When it comes to Sony’s Dolby Atmos soundbar lineup, you could say the HT-A3000 completes the set. Following the flagship HT-A7000 and step-down HT-A5000, the A3000 is both the smallest and the most affordable of Sony’s premium soundbars. Cheaper doesn’t always equate to better value, however. While the HT-A3000’s $700 MSRP makes it Sony’s most approachable Dolby Atmos system, the company cut a lot of features to make it so.
Most notably, the A3000 is the only of Sony’s top bars that trades the upfiring drivers so integral to convincing Dolby Atmos immersion for digital signal processing.
This is still a potent soundbar for its size, and it offers some compelling features like multiple Wi-Fi streaming options, a minimalist form factor, and the ability to add wireless surrounds and/or a subwoofer later on. But the A3000 is far from the best bang for your buck on the Dolby Atmos market. Before you pull the trigger, it’s well worth examining exactly what you get – and what you don’t – with Sony’s most latest premium bar.
As Sony’s simplest Atmos system, the A3000 is also the easiest to get going. Once the bar is plugged into power, setup is as simple as connecting the included HDMI cable from the bar’s HDMI eARC port to your TV’s corresponding one and tapping the Home key on the included remote for network connection and audio settings on your TV screen. You can also adjust basic settings from Sony’s Music Center app once the bar is online, but while most competitors have migrated nearly all settings to your phone (with varying results), Sony keeps it old school. Users of Sony A/V receivers will feel right at home.
If your TV supports HDMI eARC, common for upper-crest models from the last few years, you can transmit lossless audio formats via Blu-ray players and game consoles like Dolby TrueHD directly from your TV. Otherwise, given the A3000’s single HDMI connection, you’ll be limited to lossy audio formats. (An optical port serves as a backup connection, but this is limited to 5.1 audio, and won’t allow you to control volume or power from your TV remote.)
When it comes to design, the A3000 is simply dressed, with a metal front grill, rounded edges with ports at the sides, and a dimpled topside for a touch of style. It’s notably pint-sized compared to its siblings, weighing just over 10 pounds and measuring 2 ⅝ inches high, 5 ⅛ inches deep, and 37 ½ inches wide. That’s still relatively wide compared to most soundbars, but the A3000’s tempered height means it will sit comfortably below most TVs. If it does happen to block your TV’s IR sensor there’s an available IR repeater.
The A3000’s 3.1-channel configuration includes a built-in “subwoofer” in place of an outboard wireless sub. This is consistent throughout Sony’s lineup, and it’s becoming pretty common in the segment, though you can improve bass response greatly with a Sony subwoofer (for a hefty $400). The bar’s left, right, and center channels are powered by oval drivers measuring 1.8 inches x 3.75 inches each, while the built-in subwoofer comprises two more speakers measuring 1.8 inches x 4.375 inches each. That’s all powered by a claimed 250 watts.
With expectations set high from a soundbar at this price, it may be prudent to start with what the A3000 doesn’t offer. Along with its lack of upfiring drivers on top, the soundbar omits a few other basics like room correction or even manual channel adjustment. There’s also no real EQ to speak of; the only way to adjust bass is toggling the subwoofer key between Max, Mid, and Min, while a Voice mode key to boost the upper midrange for dialogue is your only other tool.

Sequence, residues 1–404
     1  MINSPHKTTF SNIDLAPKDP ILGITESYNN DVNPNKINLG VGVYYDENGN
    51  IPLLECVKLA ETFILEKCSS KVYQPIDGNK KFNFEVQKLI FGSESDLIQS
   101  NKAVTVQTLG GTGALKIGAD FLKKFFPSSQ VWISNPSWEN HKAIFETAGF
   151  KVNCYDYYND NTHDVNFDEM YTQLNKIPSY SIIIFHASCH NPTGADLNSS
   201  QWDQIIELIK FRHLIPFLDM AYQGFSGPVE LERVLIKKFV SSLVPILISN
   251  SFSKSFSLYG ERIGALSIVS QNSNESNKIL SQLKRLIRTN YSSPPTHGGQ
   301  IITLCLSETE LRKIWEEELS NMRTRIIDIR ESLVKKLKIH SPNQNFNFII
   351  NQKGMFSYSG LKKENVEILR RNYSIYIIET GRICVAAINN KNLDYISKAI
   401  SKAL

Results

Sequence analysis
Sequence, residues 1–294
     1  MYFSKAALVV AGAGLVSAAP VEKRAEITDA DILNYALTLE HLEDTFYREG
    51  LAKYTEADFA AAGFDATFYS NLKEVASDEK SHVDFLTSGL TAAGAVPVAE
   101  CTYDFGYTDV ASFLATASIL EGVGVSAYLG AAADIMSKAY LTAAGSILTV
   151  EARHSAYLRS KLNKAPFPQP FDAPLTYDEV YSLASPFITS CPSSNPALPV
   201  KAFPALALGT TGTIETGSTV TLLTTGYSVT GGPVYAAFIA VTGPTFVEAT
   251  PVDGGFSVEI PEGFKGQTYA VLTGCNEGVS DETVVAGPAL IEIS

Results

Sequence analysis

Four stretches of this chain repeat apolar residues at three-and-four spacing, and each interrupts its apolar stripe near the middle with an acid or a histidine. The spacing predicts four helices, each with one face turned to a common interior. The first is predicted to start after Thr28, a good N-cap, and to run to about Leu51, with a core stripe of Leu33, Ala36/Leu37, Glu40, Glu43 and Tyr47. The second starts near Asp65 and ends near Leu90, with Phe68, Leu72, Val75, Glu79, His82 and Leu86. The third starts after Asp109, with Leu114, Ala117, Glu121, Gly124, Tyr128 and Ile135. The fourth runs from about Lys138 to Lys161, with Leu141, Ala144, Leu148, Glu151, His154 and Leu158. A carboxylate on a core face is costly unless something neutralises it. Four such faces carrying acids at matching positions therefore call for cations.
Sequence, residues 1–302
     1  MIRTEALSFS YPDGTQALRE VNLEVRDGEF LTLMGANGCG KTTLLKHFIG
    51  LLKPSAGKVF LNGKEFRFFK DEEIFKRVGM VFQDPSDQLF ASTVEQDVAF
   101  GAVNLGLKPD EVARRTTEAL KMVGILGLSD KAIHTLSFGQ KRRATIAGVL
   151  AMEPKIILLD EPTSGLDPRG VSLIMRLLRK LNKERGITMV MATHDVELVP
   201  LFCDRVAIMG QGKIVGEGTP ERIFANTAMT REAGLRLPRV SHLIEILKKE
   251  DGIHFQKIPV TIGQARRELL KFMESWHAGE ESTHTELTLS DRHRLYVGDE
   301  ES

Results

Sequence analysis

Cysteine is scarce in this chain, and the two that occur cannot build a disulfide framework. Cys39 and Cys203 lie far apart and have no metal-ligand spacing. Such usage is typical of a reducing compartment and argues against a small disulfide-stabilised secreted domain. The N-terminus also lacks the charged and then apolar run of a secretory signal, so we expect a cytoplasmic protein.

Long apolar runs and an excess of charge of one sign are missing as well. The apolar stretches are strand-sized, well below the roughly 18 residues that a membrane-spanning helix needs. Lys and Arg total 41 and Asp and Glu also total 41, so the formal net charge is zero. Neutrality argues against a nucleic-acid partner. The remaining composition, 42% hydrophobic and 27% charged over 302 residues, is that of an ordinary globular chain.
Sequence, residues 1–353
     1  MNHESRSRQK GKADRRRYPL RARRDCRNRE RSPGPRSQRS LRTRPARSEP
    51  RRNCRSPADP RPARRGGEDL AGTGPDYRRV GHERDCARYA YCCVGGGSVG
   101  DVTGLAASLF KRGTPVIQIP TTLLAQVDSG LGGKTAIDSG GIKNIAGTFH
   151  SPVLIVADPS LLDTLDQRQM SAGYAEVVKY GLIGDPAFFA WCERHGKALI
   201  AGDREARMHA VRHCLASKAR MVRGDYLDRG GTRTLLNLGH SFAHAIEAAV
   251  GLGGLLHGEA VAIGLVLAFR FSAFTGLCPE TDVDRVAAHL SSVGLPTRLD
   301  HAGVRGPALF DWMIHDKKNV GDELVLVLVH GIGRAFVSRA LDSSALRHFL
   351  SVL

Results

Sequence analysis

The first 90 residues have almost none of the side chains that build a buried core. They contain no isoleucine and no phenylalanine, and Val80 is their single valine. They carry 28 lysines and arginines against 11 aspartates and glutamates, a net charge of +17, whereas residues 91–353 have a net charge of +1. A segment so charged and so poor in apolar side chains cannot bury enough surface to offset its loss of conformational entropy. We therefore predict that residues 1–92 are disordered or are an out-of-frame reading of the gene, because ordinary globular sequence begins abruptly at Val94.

There’s also no spare HDMI port. That’s not uncommon these days – even the priciest Bose and Sonos bars skip it, relegating all audio transmission to your TV. But it’s worth mentioning here given that Sony’s HT-A5000 and HT-A7000 both offer spare HDMI inputs (one and two respectively) that support 4K passthrough at up to 120Hz for gaming at high frame rates. It’s also just nice to have an extra port to replace the one your soundbar hogs.
That’s not to say the A3000 doesn’t pack some solid goodies. Standouts include wireless streaming over Wi-Fi via Spotify Connect, AirPlay 2, and Google Chromecast; compatibility with both Amazon Alexa and Google Assistant (through a separate smart speaker or your phone); and the ability to connect Bluetooth headphones for late night binge sessions while the family slumbers.
While you can’t create a multi-room audio system like Sonos and Bose models, the ability to expand the A3000 later with wireless speakers is always nice to see at this price. And while it may seem like a given, the legible (if small) front LED display is getting increasingly rare in today’s minimalist soundbar segment. Those with select Sony Bravia TVs can also connect the TV as a complementary center speaker.
One of the biggest claims to fame for Sony’s latest HT soundbars is their wide support of hi-res music and audio formats. The HT-A3000 supports a wide swath of hi-res audio files, from OGG and FLAC files to DSD and ALAC via its USB input. As long as your TV supports eARC, the soundbar supports virtually all major audio formats, too, including Dolby Atmos over Dolby TrueHD, DTS HD Master Audio, DTS HD High Resolution Audio, DTS:X, and of course, Sony’s 360 Reality Audio format.